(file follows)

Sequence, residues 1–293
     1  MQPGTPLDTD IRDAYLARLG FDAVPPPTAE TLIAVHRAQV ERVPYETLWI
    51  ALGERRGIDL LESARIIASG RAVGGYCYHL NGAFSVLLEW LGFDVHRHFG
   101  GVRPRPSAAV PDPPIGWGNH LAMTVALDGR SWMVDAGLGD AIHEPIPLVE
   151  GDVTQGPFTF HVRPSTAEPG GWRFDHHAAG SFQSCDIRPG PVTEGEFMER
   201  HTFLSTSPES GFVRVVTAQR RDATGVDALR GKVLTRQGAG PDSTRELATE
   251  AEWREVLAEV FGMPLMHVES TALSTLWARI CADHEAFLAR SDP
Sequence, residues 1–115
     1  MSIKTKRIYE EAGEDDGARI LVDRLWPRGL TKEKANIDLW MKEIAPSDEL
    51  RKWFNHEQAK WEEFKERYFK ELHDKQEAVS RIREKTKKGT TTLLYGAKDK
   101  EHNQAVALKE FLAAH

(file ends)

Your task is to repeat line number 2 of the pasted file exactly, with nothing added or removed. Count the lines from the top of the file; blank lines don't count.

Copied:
     1  MQPGTPLDTD IRDAYLARLG FDAVPPPTAE TLIAVHRAQV ERVPYETLWI